Terri Banner Fitzsimmons is the author, motivational speaker, and best-selling author of 4 books. Her biggest passion is helping women achieve their passion for life, to break free of all the doubts they cling to that stop them from recognizing their worth. She didn’t return to school until she was forty, and with the help of the counselors and professors, she could graduate valedictorian in her master’s Program. She went on to get her teaching degree and a certificate in special education training. She had adopted two teenage boys with fetal alcohol syndrome, so she could understand what the students in her classes needed. She resides near Palm Springs, where she continues writing and counseling women. After the Camp Fire in 2018, which took everything from her, she worked in Medford, Oregon, with special needs, until the pandemic.
In this interview, she tells about her book “Phoenix Rising from the Ashes,” a powerful true story of her survival after Camp Fire in 2018. It is her personal journey from victim to thriver. After she learned she had lost everything in the fire, her home, and her identity, she found an inner strength she never knew she had; she had to move forward. She had to survive. Facing numerous obstacles, she forged ahead, realizing that the person she was before the fire was buried in those ashes. She was transformed by tragedy, arising like the true Phoenix, helping other victims, and counseling them to move ahead with their lives.
First things first, how did we develop an interest in writing?
I was born with a vivid imagination! Even before I could read, I would conjure up imaginary playmates who would accompany me on all sorts of adventures. The thrill of seeing stories develop on paper kept me at my desk for many hours until my father discouraged my writing, stating it was too immature.
When did you realize you had a story the world needed to hear?
All my life, I felt like I was living a peripheral life: I was always on the outside, looking in. Being insecure did not stop me from visualizing myself as someone who would shine as a writer. Being in college at the age of 40 offered me the opportunity to tell my story. I started a club called The RASCALS – Returning Adult SClub and Learning Society – to help other older women overcome their insecurities and succeed in school. I began research on Returning Adults, which became my master’s thesis. I gave my lectures and presentations on my work.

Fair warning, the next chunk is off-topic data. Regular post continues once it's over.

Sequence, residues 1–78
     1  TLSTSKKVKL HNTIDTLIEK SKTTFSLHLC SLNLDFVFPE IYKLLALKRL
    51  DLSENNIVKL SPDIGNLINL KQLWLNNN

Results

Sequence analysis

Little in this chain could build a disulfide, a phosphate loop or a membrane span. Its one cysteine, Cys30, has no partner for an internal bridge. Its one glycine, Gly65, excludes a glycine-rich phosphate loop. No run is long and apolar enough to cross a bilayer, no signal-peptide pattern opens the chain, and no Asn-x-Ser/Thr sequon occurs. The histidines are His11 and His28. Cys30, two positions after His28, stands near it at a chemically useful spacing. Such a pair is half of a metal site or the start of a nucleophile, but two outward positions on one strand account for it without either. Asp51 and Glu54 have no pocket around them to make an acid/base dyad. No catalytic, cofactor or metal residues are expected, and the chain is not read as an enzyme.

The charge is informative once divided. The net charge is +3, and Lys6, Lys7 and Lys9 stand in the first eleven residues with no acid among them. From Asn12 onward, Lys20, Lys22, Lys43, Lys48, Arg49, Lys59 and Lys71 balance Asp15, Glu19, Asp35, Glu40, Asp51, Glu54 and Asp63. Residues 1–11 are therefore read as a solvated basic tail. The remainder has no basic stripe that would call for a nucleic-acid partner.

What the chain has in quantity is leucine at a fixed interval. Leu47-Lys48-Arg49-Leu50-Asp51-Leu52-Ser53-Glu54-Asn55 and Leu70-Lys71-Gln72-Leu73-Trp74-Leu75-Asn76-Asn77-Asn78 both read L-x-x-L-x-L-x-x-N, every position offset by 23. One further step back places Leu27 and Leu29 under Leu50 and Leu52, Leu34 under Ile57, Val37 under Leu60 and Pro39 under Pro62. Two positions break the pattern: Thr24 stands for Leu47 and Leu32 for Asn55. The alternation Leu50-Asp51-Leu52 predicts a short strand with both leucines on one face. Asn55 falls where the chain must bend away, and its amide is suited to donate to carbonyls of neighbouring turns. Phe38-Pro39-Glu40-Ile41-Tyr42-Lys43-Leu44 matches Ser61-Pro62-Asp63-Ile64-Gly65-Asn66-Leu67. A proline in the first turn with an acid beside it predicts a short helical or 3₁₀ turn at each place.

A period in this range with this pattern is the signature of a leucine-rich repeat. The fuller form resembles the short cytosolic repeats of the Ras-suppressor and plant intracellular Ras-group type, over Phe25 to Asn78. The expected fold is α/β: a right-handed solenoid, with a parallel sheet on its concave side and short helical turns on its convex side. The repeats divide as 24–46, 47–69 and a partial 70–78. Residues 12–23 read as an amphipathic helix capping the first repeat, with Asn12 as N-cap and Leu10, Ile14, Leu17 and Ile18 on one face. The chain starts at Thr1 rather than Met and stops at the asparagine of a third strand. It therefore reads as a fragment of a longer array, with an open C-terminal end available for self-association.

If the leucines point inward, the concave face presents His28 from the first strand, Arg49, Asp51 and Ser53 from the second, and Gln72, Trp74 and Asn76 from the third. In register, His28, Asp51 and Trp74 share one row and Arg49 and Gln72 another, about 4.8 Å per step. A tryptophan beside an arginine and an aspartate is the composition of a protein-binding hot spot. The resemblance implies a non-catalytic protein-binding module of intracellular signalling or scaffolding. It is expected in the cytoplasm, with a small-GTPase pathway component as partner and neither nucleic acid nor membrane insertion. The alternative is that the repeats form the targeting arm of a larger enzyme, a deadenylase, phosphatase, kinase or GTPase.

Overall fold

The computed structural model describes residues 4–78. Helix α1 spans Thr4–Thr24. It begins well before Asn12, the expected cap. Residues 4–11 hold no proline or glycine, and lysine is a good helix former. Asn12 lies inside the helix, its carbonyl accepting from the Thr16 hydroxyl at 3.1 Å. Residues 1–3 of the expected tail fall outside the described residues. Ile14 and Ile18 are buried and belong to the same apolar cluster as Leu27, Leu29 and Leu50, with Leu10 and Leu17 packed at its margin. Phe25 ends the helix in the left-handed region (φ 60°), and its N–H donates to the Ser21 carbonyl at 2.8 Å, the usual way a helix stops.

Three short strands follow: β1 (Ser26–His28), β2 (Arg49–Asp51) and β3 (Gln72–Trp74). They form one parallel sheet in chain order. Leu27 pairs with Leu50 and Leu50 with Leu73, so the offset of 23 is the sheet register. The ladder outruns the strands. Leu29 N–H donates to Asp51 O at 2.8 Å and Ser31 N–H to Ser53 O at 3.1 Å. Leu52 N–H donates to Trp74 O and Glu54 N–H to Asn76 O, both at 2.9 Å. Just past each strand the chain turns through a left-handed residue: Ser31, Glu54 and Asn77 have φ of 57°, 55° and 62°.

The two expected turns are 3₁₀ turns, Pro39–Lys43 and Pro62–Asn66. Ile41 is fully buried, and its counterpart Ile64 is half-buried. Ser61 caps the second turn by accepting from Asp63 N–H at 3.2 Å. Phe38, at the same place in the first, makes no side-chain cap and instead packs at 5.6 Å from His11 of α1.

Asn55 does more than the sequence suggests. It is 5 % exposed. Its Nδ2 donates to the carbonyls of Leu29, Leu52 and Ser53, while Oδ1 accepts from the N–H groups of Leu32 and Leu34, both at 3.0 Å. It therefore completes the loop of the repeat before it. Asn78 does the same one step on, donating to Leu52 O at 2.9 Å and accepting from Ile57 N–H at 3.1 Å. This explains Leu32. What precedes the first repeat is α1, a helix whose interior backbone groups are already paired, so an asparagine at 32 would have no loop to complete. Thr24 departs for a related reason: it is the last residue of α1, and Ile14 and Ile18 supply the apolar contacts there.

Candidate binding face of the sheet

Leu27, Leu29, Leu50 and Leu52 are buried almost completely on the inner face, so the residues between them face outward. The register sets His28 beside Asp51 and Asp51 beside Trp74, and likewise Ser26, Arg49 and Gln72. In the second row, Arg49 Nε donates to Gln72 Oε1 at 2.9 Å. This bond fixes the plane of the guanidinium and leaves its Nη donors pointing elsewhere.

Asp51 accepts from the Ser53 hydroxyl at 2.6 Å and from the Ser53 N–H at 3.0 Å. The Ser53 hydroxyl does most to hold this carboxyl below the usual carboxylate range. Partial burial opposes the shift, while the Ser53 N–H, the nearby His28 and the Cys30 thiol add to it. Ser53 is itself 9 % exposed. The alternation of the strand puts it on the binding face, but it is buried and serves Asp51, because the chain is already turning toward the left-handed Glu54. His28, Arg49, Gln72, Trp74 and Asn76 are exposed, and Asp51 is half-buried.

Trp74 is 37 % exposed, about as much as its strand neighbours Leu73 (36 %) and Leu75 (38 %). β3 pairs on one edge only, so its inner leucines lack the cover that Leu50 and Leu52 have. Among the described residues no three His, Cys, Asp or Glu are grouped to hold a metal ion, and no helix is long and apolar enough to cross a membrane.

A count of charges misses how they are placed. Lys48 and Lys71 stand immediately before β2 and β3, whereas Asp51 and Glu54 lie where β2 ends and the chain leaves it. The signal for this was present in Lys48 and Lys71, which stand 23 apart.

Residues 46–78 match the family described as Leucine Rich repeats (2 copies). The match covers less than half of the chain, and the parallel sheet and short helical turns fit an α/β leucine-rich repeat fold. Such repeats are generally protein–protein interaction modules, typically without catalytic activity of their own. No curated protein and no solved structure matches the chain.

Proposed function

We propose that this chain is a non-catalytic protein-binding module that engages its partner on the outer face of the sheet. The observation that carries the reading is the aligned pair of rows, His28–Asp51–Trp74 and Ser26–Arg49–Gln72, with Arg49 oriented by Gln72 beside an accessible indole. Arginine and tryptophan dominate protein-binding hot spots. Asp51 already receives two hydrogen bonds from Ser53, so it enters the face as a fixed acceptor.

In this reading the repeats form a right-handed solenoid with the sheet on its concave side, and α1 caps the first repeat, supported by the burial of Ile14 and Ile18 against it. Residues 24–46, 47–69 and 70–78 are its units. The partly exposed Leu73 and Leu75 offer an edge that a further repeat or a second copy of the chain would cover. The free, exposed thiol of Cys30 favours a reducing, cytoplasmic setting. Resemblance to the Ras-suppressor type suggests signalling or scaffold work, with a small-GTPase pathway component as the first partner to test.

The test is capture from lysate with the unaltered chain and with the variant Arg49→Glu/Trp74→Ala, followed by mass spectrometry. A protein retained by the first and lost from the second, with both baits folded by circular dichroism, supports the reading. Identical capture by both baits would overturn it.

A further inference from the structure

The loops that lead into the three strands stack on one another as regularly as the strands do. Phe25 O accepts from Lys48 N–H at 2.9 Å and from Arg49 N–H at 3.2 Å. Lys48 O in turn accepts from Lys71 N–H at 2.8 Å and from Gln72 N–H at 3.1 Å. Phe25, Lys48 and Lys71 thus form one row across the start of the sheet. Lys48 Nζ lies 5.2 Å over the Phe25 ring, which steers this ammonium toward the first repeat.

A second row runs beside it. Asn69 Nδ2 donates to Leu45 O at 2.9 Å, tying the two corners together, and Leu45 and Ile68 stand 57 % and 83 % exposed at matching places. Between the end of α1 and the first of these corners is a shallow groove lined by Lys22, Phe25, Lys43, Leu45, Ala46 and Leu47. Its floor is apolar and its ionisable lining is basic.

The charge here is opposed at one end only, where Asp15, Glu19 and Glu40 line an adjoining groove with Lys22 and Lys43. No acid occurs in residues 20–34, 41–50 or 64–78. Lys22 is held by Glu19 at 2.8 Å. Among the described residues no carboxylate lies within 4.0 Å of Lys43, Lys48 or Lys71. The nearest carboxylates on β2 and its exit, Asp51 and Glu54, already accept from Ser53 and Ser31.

What was the writing process like? Did you come up with your title first and build around it, or did the manuscript come first?
The symbol of ‘Phoenix Rising from the Ashes’ inspired my first book. I was the Phoenix, reborn from the fire in Paradise, California. Who I was before the fire was not who I was when I emerged from it. After the fire, I suffered many nightmares from having to escape the town of Paradise on a school bus with children. The sounds of people screaming, the exploding tanks, and seeing the flames in the distance, ready to engulf us haunted me every night. I wrote down my thoughts in a daily journal, and my counselor suggested I turn my journal into a book as it could help other fire victims. So my journal morphed into a manuscript, telling the story of my move to Paradise, my short time living then, and the fire and its aftermath. The title is my constant reminder of who I have become, a strong woman who chose to be a survivor instead of a victim.
What is the message behind your title?
“Stress is not what happens to us, it is our response to what happens, and our response is something we choose.” Everything in our life is based on perception: How we view life determines how we will feel and act. I can define my experience with the fire and its aftermath as a tragedy from which I never will recover, or I can reframe the experience as one which offered me an opportunity to grow stronger; I had to lose everything to gain everything. Who I was before the fire is buried in the ashes.